The POP Newsletter

The Many Ways Artwork Alters the Cost of Your Book

  • By Katherine Pickett
  • 28 Nov, 2017

Both publishing houses and self-publishers have a vested interest in controlling the costs of book production. Although artwork -- and by that I mean photos, illustrations, line drawings, charts, and graphs -- adds to the value of a book, it also can add significant time and cost. Why is that? Here are the biggest drivers:

  • A major contributor to the cost of books with many pieces of artwork is the time it takes to ensure an attractive layout. Art-heavy books require a lot of manipulation during page layout so that the photographs and illustrations land near enough to the text that they belong with. Sometimes the text may need to be rewritten or captions revised in order to accommodate all of the artwork. By comparison, most fiction and other all-text books require much less manipulation, as there are fewer special elements to disrupt the flow of regular text.
  • Photos and illustrations also require licensing. The cost of these licenses can vary from around $40 to upwards of $300 per piece. If you’re planning a different photo for each of the 20 chapters in your book, for example, that’s a serious cost consideration.
  • If stock art is not appropriate for your book, you may have to research museum and library archives or hire a photographer or illustrator. In the case of hiring an artist, in addition to licensing you also have to pay an hourly rate or a flat fee for the artist’s time. Researching archives may not add monetary costs, but it does add time, which is an indirect cost.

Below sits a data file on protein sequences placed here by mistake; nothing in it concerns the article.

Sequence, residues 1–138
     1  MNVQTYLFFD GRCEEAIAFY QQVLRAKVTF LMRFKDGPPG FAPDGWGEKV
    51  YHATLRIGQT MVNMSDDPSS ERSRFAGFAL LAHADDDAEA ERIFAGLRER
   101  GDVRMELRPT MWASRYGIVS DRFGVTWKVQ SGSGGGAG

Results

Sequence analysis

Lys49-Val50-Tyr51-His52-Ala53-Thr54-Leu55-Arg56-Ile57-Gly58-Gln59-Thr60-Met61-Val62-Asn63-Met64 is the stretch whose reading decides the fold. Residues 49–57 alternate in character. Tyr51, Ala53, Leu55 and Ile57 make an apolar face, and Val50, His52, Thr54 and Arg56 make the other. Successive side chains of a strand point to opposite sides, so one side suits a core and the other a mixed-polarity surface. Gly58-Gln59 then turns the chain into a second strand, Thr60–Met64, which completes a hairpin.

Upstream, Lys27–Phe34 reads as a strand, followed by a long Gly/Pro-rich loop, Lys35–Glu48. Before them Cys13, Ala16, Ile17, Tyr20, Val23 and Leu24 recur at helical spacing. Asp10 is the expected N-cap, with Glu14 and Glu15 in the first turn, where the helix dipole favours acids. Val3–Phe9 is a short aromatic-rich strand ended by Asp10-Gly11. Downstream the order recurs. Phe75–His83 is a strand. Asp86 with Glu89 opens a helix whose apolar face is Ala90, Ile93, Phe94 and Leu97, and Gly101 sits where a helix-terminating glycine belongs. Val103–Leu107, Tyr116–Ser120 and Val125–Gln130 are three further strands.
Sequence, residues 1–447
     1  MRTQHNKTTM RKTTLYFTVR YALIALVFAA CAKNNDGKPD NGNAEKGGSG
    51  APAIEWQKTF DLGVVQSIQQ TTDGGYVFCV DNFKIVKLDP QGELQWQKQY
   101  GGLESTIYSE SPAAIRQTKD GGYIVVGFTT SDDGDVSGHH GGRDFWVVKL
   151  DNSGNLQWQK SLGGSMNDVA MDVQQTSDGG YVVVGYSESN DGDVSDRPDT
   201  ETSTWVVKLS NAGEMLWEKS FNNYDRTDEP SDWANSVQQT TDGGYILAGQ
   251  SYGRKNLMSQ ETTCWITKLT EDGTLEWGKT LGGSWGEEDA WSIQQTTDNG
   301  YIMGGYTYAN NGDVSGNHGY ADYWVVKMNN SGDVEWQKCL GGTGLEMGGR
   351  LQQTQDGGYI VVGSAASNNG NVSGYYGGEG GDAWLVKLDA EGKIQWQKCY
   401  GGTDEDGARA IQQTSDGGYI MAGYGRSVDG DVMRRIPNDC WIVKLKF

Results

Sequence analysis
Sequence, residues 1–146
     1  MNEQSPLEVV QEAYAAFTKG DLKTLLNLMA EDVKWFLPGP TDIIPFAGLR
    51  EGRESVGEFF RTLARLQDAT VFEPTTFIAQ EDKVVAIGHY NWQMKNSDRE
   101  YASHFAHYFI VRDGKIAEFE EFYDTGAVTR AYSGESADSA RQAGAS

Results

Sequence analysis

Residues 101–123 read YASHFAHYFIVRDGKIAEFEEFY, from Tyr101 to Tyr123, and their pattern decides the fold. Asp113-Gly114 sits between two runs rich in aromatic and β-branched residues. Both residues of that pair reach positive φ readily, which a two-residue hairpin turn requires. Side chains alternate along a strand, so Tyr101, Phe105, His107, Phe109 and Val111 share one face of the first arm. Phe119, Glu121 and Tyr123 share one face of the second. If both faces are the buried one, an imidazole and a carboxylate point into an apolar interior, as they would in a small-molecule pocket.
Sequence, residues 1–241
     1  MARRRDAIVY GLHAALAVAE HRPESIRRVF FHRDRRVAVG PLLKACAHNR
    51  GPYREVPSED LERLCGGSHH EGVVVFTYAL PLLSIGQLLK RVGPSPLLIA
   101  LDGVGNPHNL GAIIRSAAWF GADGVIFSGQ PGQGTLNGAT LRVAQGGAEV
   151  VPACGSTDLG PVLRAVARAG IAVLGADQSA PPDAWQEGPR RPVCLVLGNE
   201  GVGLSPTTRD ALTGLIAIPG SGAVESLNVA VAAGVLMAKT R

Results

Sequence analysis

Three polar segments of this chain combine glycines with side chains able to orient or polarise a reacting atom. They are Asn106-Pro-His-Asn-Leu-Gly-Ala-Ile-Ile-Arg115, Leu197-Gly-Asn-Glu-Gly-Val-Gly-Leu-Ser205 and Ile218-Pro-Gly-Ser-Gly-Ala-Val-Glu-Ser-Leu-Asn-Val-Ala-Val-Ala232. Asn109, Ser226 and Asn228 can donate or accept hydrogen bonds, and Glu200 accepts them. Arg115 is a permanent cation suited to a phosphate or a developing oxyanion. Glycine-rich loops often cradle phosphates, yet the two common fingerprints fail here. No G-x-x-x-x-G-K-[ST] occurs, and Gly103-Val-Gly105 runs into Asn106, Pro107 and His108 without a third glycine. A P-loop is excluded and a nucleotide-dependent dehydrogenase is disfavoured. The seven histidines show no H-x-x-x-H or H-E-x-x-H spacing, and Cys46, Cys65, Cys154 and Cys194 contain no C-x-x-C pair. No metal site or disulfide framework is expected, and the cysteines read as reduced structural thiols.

• When artwork is introduced, another professional may also be introduced -- the image specialist. This is the person who scans any prints and verifies that the images are of high enough quality. If there is no dedicated image specialist, this job falls to another player in the book production process, and the time for that person to do the work is added to the cost of the book. Publishing houses may have the production editor or layout artist perform these tasks. A self-publisher may have to do it themselves.

What This Means to You

Okay, so having photos and illustrations adds money to your project. What does that mean for you as the author? Well, a couple of things.

For self-publishers it means having to factor the extra money into their budget. They will use their budget to find the balance between how much to charge for each book and how many books they will need to sell to recoup the investment. The added time must also be factored into the publication date. Copyediting, layout, and proofreading all take longer when a book has a large art program.

Those seeking a traditional publisher need to be able to say why this artwork is needed and why the cost is justified. Some types of books simply require photos if they are going to be successful.